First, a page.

Building a small website with Silex



I want to:

  • Build a small website and have access to some basic features such as restful routing without having to use a full-fledged framework

Composer Initialization

In this article, we'll cover the initial setup of a Silex project, which we'll build as we go along. If you need more information about composer, check out our article on the subject.

We'll start out with creating a myapp folder, which will be our working directory.

Let's initialize our project via composer:

$ composer init
  Welcome to the Composer config generator
This command will guide you through creating
  your composer.json config.

Package name (vendor/name) [root/myapp]: lti/myapp
  Description []: A small website using Silex
  Author [Admin]:
    Minimum Stability []: stable
    License []: MIT

    Define your dependencies.

    Would you like to define your dependencies
    (require) interactively [yes]?
    Search for a package []: silex/silex
    Enter the version constraint to require (or leave blank
    to use the latest version) []:
    Using version ~1.2 for silex/silex
    Would you like to define your dev dependencies 
    (require-dev) interactively [yes]?
    Search for a package []:

    "name": "lti/myapp",
    "description": "A small website using Silex",
    "require": {
    "silex/silex": "~1.2"
    "license": "MIT",
    "authors": [
    "name": "admin",
    "email": ""
    "minimum-stability": "stable"

    Do you confirm generation [yes]?

We added silex right off the bat by using the composer init command, but we could have done so later by editing the dependency property in composer.json or by executing:

$ composer require silex/silex

Let's pull in our silex packages:

$ composer install

As you'll notice, silex comes with baggage, let's run briefly through the dependencies:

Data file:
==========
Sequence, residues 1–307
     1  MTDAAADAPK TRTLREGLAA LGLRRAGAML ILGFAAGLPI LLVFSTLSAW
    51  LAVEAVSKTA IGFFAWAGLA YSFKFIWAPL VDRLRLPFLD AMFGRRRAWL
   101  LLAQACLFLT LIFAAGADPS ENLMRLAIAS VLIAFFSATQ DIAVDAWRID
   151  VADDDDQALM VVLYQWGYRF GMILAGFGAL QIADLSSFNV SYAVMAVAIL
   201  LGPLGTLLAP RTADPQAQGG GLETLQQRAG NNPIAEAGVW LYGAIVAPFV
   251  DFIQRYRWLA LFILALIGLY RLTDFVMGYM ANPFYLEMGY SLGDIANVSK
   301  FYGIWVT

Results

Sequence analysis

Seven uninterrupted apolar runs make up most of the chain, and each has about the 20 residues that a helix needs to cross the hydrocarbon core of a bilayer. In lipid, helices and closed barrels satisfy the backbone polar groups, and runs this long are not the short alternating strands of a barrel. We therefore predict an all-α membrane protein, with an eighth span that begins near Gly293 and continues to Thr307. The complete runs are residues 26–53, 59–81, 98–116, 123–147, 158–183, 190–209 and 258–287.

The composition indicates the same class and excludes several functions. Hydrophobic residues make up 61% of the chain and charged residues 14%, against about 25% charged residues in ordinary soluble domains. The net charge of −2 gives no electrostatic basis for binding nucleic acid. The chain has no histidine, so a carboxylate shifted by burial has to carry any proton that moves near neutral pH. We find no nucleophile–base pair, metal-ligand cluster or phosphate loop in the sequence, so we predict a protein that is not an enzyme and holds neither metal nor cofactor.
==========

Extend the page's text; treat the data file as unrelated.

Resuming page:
• symfony/routing: manages those restful, clean urls we're so fond of
  • psr/log: lays down a "common language" that logging libraries can share
  • symfony/http-foundation: the heart and soul of the web application. Allows us to manipulate developer friendly requests and generate equally friendly http responses
  • symfony/event-dispatcher: used by the Application class to allow us to hook into our application lifecycle at various points
  • pimple/pimple: pimple is the service container that allows us to stack so much functionality on top of our Application class, which extends pimple.
  • silex/silex: the namespace for all the goodies described above.

Now that we have the brains of our operation, let's build some muscle.

Running the app

We're going to create a public folder which will be the root of our site. We create a file called index.php with the following code:

	//Allowing composer to load all our dependencies on its own.
	require_once __DIR__.  '/../vendor/autoload.php';

	$app = new Silex\Application();

	$app->get(  '/', function () use ($app) {
	 return "We're up and running!";


Half a dozen lines of code, and we're up and running! Ain't that a beaut'? The Silex usage page should tell you most of what you need to know to build some base functionality.

Service Providers

In the rest of this article, we'll run briefly over some service providers you may find useful. You'll find "real world" applications of the providers described below in the LTI frontend github project. The LTI_Frontend class is where the initialization magic happens.


As routes start piling up on your site, you may find it useful to have a special place in your project where controller work is done. The service controller service provider allows us to load our controllers lazily (only when needed), depending on which routes are served.

We start out by registering the provider in index.php:

  new Silex\Provider\ServiceControllerServiceProvider()

We instantiate our first controller as a service in our application:

$app['controller.home'] = $this->app->share(
  function () use ($app) {
      return new HomeController($app);

We isolate our controller in its own file called HomeController.php and have it do normal controller stuff:

use Silex\Application;
class HomeController extends Controller {
  public function index(){
    return "Congrats, you just used the right controller.";

We have our HomeController extend a Controller class which we also created, in case we want to add properties or methods that will be shared across controllers.

We register our route:

$app->get('/', "controller.home:index");

Browsing to the root of our website should trigger the home route and its associated controller, HomeController.


With our half decent controllers wired up, we need some way to display our content in proper html. Twig comes to the rescue! Twig is a template engine which despite being lightweight has all the features you'd expect out of a template manager.